The Future of Ride-Sharing

The Future of Ride-Sharing

Given the legal uncertainties and ongoing changes to policy and legislation surrounding ride-sharing, the future of this growing industry is uncertain. Recent litigation questioning the status of Uber drivers could have immense implication on the cop orate structure not only of Uber, also for all other similar ride-sharing service companies. Although legislation has been passed in some cities, it is still the subject of controversy in other cities and states. For example, disagreement over whether limitations should be placed on ride-sharing services persist between New York Governor Andrew Cuomo and New York City Mayor Bill DeBlasio. Mayor DeBlasio pushed to limit the number of Uber drivers within New York City limits, while Governor Cuomo welcomed the expansion of ride-sharing throughout the state, reasoning that it will create jobs and expand the economy.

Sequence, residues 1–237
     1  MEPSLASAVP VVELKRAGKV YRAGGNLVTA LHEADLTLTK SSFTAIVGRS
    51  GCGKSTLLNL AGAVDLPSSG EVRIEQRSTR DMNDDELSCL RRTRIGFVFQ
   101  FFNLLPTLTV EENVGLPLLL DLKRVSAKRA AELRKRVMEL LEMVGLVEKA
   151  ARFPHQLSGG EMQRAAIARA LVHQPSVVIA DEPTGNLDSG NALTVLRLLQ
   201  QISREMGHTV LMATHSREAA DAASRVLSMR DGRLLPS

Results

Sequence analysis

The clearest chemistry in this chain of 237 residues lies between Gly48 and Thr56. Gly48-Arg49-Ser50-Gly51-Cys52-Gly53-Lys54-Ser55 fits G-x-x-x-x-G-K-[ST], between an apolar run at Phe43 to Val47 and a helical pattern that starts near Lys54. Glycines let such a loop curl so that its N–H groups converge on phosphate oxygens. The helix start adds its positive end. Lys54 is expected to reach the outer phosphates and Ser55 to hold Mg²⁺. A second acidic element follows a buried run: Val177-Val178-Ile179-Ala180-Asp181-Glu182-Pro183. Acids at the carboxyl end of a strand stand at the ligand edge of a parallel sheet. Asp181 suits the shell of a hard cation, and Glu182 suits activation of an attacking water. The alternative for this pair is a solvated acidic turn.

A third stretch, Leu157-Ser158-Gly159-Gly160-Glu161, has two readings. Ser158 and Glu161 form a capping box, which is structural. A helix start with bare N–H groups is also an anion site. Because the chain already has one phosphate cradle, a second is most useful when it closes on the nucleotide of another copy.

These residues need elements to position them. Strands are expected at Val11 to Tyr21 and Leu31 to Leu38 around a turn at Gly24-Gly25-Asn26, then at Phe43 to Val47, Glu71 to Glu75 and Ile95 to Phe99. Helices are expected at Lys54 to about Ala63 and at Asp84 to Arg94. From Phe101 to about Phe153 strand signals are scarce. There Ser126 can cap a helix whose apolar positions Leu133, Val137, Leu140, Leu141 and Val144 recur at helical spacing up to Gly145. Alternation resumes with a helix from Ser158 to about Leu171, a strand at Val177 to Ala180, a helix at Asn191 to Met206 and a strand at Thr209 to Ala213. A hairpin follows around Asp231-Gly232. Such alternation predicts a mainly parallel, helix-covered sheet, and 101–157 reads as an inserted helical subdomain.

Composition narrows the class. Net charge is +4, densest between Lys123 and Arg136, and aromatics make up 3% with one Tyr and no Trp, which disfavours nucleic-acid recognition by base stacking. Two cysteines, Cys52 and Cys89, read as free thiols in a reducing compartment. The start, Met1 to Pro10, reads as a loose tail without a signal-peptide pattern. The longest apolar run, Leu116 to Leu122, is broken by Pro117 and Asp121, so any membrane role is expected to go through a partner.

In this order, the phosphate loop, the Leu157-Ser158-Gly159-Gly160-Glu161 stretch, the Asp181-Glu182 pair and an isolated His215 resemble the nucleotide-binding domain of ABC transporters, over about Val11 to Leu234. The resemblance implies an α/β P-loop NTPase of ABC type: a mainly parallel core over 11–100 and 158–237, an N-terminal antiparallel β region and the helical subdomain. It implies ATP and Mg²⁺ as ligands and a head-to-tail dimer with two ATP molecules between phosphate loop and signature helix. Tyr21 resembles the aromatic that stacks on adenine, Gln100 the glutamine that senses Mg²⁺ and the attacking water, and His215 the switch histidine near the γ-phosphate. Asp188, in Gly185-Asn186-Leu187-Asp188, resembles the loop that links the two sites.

Other unresolved questions surrounding this new business model continue to prompt debate amongst lawmakers. Although some cities and states, such as California, have developed new laws mandating certain insurance for ride-sharing drivers, others have resisted. Officials in Buffalo, for example, find the lack of insurance regulation in this industry too unsafe, so prohibit ride-sharing companies like Lyft and Uber from operating inside the city. In fact, the Attorney General of New York, Eric Schneiderman, sued Lyft for operating in violation of local regulations in Rochester and Buffalo, resulting in a $300,000 settlement. Further controversy surrounds the potential threat to taxi-drivers and companies, a threat that has also sparked litigation.

Many policy experts point out that the rapid expansion of this industry has left lawmakers unprepared. Together with other “sharing” companies and websites such as Airbnb and Etsy.com, the “sharing industry” has prompted legislators and regulators to start from scratch on many of these unanswered issues, since the industry poses completely novel legal concerns. Similar to many new technologies, lawmakers scramble to find ways to adapt quickly to the rapid changes prompted by the industry.